In the upcoming week falls the 20th day of the month of Av, the yahrzeit of Rabbi Levi Yitzchak Schneerson, the Rebbe’s father. The Rebbe’s father was a great luminary in his own right, an awesome reservoir of Talmudic and Kabbalistic knowledge. But perhaps the most unique dimension of his character was his unflinching commitment to Jewish practice and the total lack of fear with which he expressed that commitment.

One night in 1935, in the midst of the fiercest Stalinist oppression, a woman knocked on his door. “I’ve come from a distant city whose name I cannot mention. In approximately one hour, my daughter and her fiancé will also arrive. They both hold high government positions and so their coming here is fraught with danger. They have agreed to be married according to Jewish law, provided you would perform the wedding in your home.”

Rav Levi Yitzchak consented and set about gathering together a minyan for the wedding. Within half an hour, he had brought eight other men into his home. But the tenth man was lacking. On the bottom floor of the apartment house where Rav Levi Yitzchak lived a young Jewish man who had been hired by the Communist authorities to spy on the goings on in Rav Levi Yitzchak’s home. Rav Levi Yitzchak was well aware of who this person was and how he was employed. Yet when the tenth man was lacking, he sent for him.

“We need a tenth man for a minyan so that a Jewish couple can marry,” he told his neighbor.

“And so you sent for me?!” the neighbor responded in utter amazement. And yet he consented to participate in the minyan and did not inform about the ceremony.

Years later, the Rebbe would say: “From my father I learned never to be afraid.”

Parshas Eikev

This week’s Torah reading contains the second passage of the Shema, the passage beginning Vihayah im shamoa. On the surface, the passage seems unnecessary. It repeats many of the concepts stated in the first passage of the Shema. Moreover, it appears to point to a lesser degree of commitment. The first passage states: “And you shall love G‑d your L‑rd with all your heart, with all your soul, and with all your might,” while the second passage speaks of loving Him only “with all your heart and with all your soul.” Noticing the difference, our Sages explain that the first passage refers to a situation when the Jews fulfill G‑d’s will, while the second passage refers to a situation when they do not fulfill G‑d’s will.

Why is the second passage referred to in such a manner? After all, it speaks of the Jews loving G‑d “with all their hearts and with all their souls.”

Chassidic thought answers by explaining what “with all your might” means. Me’od, the Hebrew word translated as “might,” also means “very.” The dictionary defines “very” as “in a high degree; extremely; exceedingly.” In other words, the love of G‑d spoken about in the first passage is “of a high degree, extreme, and exceeding,” representing a commitment beyond a person’s intellectual and emotional capacities. What we can give is “all our heart” and “all our soul.” This we can control; what is beyond our hearts and our souls — “all our might” — is not within man’s conscious power.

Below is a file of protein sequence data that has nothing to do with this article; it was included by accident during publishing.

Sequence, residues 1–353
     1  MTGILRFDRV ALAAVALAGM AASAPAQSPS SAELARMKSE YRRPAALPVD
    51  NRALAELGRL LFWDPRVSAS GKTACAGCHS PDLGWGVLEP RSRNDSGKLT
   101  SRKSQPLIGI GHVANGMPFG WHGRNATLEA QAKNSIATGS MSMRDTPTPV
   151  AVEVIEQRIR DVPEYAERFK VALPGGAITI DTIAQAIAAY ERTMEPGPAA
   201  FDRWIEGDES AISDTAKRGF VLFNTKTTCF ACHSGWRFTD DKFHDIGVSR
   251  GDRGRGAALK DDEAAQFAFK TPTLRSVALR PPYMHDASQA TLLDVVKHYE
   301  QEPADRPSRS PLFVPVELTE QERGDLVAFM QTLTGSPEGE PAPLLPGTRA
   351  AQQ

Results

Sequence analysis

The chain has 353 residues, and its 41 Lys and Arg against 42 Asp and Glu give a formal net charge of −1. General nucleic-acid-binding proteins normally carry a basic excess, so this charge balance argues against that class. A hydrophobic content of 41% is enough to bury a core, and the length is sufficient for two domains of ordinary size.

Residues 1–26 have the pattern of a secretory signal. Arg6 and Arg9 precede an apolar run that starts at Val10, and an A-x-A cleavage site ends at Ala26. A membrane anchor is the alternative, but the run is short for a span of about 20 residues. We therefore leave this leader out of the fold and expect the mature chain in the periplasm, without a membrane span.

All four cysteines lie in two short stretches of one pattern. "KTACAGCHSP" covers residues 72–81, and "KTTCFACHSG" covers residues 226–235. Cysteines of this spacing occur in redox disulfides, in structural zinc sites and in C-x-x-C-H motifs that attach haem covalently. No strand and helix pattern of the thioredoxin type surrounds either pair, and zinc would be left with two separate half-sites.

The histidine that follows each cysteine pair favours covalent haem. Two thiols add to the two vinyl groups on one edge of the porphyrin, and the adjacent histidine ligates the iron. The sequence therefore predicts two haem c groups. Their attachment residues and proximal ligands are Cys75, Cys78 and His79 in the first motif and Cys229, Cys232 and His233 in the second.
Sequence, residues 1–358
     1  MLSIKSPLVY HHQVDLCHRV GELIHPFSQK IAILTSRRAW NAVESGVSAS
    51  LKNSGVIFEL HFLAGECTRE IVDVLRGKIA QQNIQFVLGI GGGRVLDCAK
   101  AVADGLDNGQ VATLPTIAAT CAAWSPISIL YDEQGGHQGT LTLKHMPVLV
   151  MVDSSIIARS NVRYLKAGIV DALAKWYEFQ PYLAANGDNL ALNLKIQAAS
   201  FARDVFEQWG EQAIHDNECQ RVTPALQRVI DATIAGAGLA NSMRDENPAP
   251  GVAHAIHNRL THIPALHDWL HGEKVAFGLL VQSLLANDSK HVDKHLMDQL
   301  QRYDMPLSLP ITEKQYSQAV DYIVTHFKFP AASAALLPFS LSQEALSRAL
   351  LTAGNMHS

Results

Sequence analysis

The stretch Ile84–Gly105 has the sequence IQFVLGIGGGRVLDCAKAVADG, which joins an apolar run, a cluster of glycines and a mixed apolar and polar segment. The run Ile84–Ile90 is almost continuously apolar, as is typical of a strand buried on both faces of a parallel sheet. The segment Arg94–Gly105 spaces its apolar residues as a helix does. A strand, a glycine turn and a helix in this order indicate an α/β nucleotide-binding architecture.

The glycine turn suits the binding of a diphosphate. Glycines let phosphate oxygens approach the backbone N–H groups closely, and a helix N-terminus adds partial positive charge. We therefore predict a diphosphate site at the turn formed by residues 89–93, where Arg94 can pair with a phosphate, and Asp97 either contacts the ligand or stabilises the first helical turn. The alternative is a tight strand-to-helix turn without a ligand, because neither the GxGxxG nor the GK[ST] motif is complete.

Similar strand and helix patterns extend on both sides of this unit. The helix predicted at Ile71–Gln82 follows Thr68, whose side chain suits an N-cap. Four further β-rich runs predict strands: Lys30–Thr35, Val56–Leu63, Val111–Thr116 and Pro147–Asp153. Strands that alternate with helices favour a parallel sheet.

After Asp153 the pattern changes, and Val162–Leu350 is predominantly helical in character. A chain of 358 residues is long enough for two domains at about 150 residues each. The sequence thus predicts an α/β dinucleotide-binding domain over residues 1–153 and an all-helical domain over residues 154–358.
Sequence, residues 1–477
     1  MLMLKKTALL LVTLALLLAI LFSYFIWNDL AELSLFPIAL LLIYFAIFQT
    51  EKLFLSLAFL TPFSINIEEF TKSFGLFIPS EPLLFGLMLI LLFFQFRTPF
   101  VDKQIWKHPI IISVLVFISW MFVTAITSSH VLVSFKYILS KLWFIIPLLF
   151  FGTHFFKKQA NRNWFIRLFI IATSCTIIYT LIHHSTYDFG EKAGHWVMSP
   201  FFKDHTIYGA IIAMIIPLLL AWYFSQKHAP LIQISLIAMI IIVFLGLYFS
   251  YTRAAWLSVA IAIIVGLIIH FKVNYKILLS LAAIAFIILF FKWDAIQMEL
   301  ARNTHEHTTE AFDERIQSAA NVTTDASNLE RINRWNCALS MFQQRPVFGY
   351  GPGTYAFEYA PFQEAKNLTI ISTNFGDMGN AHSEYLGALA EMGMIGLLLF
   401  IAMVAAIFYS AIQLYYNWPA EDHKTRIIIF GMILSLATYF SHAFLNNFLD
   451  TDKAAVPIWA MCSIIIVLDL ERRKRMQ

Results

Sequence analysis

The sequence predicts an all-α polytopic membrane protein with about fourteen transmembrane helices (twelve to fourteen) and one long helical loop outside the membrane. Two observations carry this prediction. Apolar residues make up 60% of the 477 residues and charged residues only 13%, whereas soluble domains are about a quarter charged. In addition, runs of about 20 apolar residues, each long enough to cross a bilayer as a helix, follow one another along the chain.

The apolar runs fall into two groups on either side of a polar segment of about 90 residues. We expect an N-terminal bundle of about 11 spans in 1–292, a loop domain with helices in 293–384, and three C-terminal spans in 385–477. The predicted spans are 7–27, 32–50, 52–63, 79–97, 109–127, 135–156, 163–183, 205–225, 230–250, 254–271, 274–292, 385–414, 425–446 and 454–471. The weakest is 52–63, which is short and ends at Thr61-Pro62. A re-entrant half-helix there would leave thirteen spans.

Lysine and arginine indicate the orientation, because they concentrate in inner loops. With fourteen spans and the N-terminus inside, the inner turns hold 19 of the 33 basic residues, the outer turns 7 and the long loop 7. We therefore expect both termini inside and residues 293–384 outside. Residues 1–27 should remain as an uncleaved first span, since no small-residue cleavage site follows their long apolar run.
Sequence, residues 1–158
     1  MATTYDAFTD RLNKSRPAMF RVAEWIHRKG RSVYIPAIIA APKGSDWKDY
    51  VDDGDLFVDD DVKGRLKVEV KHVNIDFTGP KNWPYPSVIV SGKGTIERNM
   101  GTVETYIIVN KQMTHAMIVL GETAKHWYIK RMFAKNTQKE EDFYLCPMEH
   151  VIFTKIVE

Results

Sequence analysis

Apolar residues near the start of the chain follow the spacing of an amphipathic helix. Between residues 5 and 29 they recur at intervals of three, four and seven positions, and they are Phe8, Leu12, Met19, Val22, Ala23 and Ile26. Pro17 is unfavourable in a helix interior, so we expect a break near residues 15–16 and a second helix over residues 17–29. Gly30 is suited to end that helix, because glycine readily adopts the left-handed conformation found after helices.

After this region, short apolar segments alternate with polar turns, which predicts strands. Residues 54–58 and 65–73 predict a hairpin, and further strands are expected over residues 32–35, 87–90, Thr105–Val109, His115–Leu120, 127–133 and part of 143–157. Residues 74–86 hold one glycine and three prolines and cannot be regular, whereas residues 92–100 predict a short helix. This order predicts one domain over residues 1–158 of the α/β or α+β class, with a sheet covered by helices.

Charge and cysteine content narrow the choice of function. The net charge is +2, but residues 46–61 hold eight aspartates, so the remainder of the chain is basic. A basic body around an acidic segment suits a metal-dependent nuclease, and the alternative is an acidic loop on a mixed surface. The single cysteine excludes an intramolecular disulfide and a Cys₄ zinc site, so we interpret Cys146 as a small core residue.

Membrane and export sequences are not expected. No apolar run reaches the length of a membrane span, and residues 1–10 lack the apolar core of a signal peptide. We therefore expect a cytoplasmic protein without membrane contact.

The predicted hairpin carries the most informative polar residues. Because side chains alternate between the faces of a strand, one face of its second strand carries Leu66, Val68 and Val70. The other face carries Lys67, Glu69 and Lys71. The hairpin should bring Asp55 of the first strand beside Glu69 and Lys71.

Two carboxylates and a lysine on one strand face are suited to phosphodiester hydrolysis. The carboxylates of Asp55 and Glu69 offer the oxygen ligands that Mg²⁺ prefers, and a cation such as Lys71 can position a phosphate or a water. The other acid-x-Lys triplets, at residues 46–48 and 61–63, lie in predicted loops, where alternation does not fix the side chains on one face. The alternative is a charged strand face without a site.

And yet we can love G‑d “with all our might” because there is an aspect within our being that is beyond our conscious power. Every one of us possesses a soul that is an actual part of G‑d. That’s who we really are. When this inner potential surfaces, the love it inspires is extreme and exceeding.

The question then arises: If a person possesses the potential for this type of love, why should the Torah again command us — in a later passage — to love G‑d only with “all our heart” and with “all our soul”? If this higher potential is tapped, what can these lower, more limited forms of love contribute?

The resolution is that we should not only love G‑d with the aspect of our being that surpasses our personal selves, i.e., our inner spiritual core. Instead, our conscious powers should also be directed toward Him. The love for G‑d that stems from our inner, transcendent core is not our achievement. Yes, we must encourage its expression and remove the barriers standing in its way, but ultimately, it is He who implanted this love within us. Therefore bringing it out does not reflect an accomplishment on our part.

What can we do and what is the realm where our achievements can shine? To love Him “with all our heart and with all our soul” — to dedicate our conscious powers to knowing Him and emulating His ways.

Additionally, the order is significant. Loving G‑d “with all your might” expands the meaning of loving Him “with all your heart and with all your soul.” The power of our supra-rationale commitment should resonate within our minds to the extent that it reshapes the nature of the commitment that is within our conscious grasp.

Looking to the Horizon

Our Rabbis teach that the opening phrase of our Torah reading Vihaya eikev tishmayon — “It shall come to pass when you heed....” alludes to our present era, ikvasa demeshicha, the time when Mashiach’s approaching footsteps can be heard. When we observe the Torah and its mitzvos in ikvasa demeshicha, the commentaries explain, G‑d will keep the promises mentioned in the Torah and bring the Redemption.

Implied is that there is something unique about our observance that will precipitate the Redemption. The unique quality of our generation is hinted at by the word eikev which also means “heel” in Hebrew. When you want to enter an extremely cold swimming pool, which is the easiest limb to put in first? The feet.

Although the feet lack the sensitivity of the more refined limbs of the body, they respond more readily to our will. Similarly, although our generation may lack some of the spiritual refinement of the previous generation, like the heel, we are able to show a deeper commitment to fulfilling G‑d’s will.